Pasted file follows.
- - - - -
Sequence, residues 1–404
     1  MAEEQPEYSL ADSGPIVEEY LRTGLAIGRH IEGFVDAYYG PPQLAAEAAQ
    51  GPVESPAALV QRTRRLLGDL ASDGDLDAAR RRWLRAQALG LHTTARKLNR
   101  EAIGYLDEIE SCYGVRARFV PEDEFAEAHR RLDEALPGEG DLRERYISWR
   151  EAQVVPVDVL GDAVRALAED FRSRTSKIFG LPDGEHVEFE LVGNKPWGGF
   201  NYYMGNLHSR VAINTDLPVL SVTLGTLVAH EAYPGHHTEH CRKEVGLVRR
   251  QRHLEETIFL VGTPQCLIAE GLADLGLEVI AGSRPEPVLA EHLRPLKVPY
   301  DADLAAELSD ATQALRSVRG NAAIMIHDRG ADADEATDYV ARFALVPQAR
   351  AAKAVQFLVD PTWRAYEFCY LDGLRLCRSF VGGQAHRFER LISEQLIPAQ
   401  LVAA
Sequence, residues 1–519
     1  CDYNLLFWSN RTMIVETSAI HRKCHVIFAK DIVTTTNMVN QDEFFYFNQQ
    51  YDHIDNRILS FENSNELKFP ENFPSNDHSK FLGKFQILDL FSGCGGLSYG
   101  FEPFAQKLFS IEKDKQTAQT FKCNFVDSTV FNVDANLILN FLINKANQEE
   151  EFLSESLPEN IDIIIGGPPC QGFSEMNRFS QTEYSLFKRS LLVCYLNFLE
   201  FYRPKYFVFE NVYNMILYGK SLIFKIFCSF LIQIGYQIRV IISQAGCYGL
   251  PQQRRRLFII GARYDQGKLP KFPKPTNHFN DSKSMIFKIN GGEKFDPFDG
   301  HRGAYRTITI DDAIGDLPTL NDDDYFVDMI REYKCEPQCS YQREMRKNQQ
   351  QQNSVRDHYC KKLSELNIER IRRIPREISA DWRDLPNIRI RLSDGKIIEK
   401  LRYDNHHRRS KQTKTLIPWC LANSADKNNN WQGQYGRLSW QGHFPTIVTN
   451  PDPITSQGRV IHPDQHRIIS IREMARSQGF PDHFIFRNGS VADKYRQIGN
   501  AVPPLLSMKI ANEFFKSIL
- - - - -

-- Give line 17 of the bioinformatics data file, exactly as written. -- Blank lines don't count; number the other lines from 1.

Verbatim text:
   251  PQQRRRLFII GARYDQGKLP KFPKPTNHFN DSKSMIFKIN GGEKFDPFDG